In the hypercompetitive wireless market, mobile service providers are constantly pushing the envelope to bring better, faster and cheaper services to consumers. Such is the case with the ability to make voice calls over Wi-Fi networks, which enables consumers to make calls in areas that are challenging to serve, like deep indoors, underground and in remote parts of the country.  And because the wireless market moves at a hypercompetitive speed, with several competitors already offering Wi-Fi calling, we have requested that the FCC move with similar speed to act on AT&T’s waiver petition so we can deploy Wi-Fi while maintaining compliance with existing FCC rules.

As we prepare to roll out the service later this year, we’ve made it a top priority to ensure that the new technology is accessible to our customers who are deaf, hard of hearing or have experienced hearing loss, or have speech disabilities.  Some of these customers currently use a 1960’s era technology called a teletypewriter, or TTY.  Current FCC rules require voice services to be TTY- compatible, with specific requirements to transmit 911 (public safety) and 711 (telecom relay services) calls made from a TTY device. The challenge mobile service providers now face is that TTY doesn’t work reliably on Wi-Fi technology because of its sensitivity to packet loss and the considerable variance in Wi-Fi signal strength in real-world applications. We therefore have begun working to implement an alternate solution called Real-Time Text, or RTT.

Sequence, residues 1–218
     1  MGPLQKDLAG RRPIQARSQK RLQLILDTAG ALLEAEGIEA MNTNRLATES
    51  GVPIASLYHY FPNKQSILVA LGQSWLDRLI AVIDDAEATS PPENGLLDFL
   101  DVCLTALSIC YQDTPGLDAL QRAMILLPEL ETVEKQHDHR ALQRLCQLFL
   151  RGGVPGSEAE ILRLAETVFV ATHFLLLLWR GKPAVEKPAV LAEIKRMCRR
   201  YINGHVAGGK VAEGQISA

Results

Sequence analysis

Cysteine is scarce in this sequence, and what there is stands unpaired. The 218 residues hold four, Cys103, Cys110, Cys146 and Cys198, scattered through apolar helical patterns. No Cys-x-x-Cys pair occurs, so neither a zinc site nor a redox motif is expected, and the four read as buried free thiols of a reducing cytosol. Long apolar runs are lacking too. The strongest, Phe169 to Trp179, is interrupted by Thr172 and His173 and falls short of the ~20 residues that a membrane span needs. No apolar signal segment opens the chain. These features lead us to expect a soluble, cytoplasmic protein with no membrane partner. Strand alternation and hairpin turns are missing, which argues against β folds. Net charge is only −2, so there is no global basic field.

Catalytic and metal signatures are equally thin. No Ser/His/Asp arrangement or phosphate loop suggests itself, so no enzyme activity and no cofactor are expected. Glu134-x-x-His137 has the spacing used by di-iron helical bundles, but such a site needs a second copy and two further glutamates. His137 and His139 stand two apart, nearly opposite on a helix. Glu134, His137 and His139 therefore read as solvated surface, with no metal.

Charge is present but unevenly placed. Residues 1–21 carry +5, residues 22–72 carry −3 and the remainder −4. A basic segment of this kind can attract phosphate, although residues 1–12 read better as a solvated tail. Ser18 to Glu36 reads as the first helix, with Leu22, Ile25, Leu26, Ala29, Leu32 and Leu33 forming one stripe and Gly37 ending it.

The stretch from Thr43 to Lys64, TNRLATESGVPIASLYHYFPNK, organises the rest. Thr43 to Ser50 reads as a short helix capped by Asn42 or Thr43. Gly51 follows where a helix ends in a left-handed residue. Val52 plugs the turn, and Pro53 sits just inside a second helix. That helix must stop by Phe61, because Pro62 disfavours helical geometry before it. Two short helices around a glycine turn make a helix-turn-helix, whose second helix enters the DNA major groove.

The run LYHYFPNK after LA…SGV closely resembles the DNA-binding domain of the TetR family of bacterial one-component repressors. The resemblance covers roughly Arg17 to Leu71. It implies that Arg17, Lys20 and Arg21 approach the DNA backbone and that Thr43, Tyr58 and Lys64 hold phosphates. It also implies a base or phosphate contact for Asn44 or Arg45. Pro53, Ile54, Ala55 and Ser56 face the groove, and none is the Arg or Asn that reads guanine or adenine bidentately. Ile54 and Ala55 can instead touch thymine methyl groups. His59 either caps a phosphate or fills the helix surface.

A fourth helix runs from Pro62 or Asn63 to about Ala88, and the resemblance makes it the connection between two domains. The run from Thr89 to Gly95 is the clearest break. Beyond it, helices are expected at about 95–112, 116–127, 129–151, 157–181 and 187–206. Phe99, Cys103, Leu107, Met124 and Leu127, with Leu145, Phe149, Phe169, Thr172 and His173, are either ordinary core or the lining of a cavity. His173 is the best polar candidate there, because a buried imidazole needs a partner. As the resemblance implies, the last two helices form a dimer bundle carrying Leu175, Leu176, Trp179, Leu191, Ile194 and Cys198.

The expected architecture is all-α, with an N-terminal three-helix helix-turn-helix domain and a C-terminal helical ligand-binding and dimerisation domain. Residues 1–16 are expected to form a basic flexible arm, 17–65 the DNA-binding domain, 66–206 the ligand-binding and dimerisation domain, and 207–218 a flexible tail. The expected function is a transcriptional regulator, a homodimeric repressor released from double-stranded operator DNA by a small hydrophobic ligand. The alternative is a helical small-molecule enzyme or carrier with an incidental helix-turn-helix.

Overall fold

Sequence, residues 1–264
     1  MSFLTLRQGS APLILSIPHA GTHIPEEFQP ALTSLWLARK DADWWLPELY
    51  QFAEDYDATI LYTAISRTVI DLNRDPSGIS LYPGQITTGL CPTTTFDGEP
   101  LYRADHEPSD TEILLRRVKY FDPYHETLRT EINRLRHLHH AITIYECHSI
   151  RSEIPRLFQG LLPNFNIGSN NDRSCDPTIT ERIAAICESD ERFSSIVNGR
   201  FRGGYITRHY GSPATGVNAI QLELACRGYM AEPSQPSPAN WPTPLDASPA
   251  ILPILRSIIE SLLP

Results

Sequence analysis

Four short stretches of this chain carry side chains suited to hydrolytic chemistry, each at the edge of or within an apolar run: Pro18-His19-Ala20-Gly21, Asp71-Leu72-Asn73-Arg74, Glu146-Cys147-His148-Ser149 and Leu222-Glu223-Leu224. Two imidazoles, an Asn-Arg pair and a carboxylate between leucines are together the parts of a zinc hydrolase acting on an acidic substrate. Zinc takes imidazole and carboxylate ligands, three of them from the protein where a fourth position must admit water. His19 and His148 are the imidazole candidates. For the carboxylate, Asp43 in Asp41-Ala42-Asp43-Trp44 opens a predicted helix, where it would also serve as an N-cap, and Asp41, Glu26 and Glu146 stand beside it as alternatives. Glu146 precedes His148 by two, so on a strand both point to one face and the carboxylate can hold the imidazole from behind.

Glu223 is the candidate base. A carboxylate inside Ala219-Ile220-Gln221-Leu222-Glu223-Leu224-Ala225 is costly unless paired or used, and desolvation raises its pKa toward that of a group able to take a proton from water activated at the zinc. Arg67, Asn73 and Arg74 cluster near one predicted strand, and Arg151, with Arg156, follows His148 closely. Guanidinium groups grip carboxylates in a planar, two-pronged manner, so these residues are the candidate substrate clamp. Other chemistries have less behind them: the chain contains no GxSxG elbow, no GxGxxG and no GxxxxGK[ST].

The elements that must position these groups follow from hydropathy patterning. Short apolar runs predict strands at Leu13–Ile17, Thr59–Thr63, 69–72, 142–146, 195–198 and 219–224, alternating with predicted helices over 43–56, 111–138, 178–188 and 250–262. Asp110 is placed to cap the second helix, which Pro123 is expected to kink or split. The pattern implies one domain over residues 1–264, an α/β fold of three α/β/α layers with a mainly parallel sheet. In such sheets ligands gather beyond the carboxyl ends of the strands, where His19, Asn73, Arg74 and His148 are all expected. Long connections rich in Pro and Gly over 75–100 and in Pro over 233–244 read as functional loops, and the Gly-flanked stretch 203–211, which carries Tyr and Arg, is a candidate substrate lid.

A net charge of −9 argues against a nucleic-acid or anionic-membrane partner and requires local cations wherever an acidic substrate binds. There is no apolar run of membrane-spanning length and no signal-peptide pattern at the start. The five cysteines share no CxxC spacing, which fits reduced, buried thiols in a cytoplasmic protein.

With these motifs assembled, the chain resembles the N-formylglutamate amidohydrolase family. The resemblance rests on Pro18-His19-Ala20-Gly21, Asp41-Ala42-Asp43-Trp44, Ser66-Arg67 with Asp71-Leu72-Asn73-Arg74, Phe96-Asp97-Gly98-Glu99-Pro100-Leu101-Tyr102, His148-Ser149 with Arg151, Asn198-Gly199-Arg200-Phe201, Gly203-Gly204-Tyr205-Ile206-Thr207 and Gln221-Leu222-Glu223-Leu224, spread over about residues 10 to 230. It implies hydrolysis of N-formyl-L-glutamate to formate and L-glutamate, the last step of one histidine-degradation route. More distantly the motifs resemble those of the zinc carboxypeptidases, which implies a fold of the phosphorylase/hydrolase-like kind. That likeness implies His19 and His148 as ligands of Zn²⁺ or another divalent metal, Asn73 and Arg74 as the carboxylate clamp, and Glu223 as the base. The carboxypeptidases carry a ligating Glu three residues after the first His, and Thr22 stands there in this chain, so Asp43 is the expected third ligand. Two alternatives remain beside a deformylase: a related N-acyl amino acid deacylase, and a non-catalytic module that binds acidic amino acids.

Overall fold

RTT is designed to provide better functionality than TTY, working over Wi-Fi calling and other new IP-based networks. It’s superior to the 1960s era TTY in every way – transmission speed, latency, reliability, features, privacy, conversation form and ease of use.  We’ve provided demonstrations of this new and innovative technology and have received positive feedback from policymakers and disability groups. Once we implement RTT, it will be backwards compatible with TTY so our customers using RTT can still communicate with TTY users, including 911 centers.

In order to make all this happen, however, we need rule changes at the Commission to allow us to move from TTY to RTT, which is why we filed our petition.  While we finish development and implementation of RTT in AT&T’s network, we are also seeking a short-term waiver of FCC rules to permit us to provide Wi-Fi calling services while we deploy the new technology. We’re excited to roll out RTT and we look forward to working with the Commission and the disability community to make this technology available to everyone, everywhere as fast as possible.

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